Suddenly, I notice a wheelchair next to ours. There's a teenage girl, most likely also with a broken leg, sitting in it. She smiles at my wife, who smiles back to her. It seems like a pleasant enough scene, but I know the real truth. This is now a race, and I will reach the top of the hill first.
Hunching down, I begin to push with all of my strength. My wife isn't heavy, but this steep grade is punishing even without a wheelchair. The Florida humidity clings to my flesh as the sun sears my face. I almost begin to run, pushing and pushing while trying not to lose my grip.
I take a quick glance to our side, and notice the other chair is matching our speed. I try to increase the pace, but the crowd closes in around me and blocks the path. Finally, with a final
effort, I reach the crest, sadly at the same time as the other wheelchair. I have only managed a tie, which is even more depressing considering the other group didn't realize we were racing.
Since my wife broke her ankle, we've had to adjust our visits to Disney, and theme parks in general. We managed to have decent luck and purchase a used wheelchair for $25. We had less luck when said wheelchair broke a wheel, and we were forced to replace it for another $25. Still, $50 is less than a few days rental fee, and has allowed us to experience Disney from a new perspective.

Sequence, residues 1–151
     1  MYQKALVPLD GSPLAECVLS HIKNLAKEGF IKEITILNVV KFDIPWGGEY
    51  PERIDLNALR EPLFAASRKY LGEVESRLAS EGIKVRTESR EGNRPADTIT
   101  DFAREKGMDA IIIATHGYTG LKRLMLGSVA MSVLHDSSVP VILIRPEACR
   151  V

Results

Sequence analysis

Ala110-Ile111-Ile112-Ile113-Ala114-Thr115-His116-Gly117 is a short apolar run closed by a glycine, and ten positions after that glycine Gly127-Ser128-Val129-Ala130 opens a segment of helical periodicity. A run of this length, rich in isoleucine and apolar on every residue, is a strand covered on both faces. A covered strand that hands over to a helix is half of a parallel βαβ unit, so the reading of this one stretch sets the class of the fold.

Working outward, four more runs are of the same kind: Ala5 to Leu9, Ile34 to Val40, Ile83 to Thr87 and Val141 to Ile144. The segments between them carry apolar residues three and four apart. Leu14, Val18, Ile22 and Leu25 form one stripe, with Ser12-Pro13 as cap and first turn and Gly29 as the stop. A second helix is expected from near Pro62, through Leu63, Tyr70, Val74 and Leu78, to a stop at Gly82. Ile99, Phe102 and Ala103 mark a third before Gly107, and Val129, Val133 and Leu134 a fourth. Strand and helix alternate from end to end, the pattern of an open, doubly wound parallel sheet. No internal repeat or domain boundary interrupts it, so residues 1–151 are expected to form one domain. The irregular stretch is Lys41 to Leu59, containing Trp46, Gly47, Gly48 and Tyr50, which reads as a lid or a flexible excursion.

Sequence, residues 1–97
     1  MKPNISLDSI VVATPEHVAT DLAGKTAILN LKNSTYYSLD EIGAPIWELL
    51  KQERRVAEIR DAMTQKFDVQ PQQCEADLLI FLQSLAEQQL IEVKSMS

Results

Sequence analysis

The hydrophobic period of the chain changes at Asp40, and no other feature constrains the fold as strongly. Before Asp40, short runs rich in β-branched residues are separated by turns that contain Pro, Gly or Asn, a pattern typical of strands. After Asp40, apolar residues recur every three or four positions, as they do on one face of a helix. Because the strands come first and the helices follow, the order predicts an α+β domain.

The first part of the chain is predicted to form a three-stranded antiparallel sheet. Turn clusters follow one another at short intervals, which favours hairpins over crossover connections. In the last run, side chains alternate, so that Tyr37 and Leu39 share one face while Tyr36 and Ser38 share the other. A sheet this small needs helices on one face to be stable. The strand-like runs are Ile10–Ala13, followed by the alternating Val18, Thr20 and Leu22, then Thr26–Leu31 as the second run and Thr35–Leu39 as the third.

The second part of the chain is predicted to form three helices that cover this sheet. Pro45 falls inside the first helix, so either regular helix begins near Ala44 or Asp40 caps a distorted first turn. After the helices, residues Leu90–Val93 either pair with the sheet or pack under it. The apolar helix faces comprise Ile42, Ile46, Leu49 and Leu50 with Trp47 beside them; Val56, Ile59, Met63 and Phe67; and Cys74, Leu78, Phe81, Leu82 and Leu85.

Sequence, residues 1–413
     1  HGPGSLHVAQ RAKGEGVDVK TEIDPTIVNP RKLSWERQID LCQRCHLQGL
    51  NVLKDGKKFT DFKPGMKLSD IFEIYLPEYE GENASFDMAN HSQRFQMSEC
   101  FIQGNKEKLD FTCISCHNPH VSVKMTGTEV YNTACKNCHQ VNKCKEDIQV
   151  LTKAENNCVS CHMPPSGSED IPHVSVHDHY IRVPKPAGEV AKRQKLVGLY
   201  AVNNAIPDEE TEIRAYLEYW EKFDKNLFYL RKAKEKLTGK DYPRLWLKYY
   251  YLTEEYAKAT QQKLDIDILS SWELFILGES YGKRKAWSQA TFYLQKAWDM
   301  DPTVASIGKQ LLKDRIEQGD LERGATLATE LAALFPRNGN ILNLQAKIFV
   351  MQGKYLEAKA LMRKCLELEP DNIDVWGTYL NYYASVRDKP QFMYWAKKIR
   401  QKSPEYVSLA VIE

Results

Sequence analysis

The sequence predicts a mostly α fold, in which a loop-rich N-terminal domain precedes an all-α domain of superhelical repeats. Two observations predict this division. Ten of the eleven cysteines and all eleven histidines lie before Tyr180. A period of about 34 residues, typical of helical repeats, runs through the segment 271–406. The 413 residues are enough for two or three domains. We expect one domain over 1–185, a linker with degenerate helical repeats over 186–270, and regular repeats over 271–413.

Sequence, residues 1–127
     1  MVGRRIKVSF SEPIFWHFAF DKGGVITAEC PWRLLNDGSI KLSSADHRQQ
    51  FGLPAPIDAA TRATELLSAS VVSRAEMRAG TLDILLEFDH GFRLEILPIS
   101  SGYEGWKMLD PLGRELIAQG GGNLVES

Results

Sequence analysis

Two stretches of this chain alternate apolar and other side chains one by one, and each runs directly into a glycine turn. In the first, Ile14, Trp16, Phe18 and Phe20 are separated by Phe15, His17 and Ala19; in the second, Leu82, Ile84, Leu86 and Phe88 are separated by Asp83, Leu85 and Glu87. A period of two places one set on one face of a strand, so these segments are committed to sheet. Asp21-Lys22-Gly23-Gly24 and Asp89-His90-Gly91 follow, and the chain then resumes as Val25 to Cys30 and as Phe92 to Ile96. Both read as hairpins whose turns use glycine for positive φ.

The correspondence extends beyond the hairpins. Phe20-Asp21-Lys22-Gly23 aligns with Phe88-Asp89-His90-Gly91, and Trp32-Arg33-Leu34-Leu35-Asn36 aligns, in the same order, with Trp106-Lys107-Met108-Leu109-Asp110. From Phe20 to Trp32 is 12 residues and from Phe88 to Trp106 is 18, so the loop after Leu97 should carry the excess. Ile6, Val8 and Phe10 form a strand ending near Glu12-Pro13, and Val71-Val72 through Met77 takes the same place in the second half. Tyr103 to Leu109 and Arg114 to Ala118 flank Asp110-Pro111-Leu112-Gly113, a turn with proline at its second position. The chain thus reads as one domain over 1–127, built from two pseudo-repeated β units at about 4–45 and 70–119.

I no longer feel like I should complain when I'm run over by a wheelchair. Well, I should amend that statement. I will no longer complain when run over in a crowd. If you smash my foot with a motorized chair in an empty plaza, I'm still going to mutter curse words under my breath.
|Animal Kingdom has our vote so far for worst park with a wheelchair. We still love it, but those pathways are murderous.|
Of course, those parks are surprisingly difficult to explore even without the people. Since everything is themed, many walkways are covered in textured tiles, wooden planks, or other surfaces that are neither flat nor smooth. This results in a jittery, bumpy ride for my wife, and I get the lovely sensation of my wrist bones fusing as I try to hold on to the chair's handles. There are also a shocking amount of hills, more than I ever noticed. I could almost believe they added a few dozen extra inclines around the parks in the weeks since my wife's accident.
There are many other little concerns, too. Bathrooms are a particularly fun experience, as it seems the majority of handicap stalls are occupied by every type of person except those needing special assistance. There's also the joy of fighting for accessible tables at mealtimes, where the no holds barred frenzy to find seating is already a nightmare.
It's not all bad, mind. While we haven't taken advantage of many of the official aids for those in wheelchairs, we have found a great deal of helpfulness from Cast Members and park employees. We've also had lots of little moments of positivity from other guests, who often hold doors open for my wife and ask her if she needs help. I don't always have a bright outlook on much of humanity, but I will say that the last few weeks have brightened my outlook a bit. Orlando traffic usually dims it again, but at least it's brighter for a moment.
We're still waiting for word on just how long it will be before my wife is healed and able to walk again. Our best guess is that she still has a few more weeks in the chair, at least. We're going to keep having our little adventures, regardless, and learn a little more about what it's like to deal with the chair.
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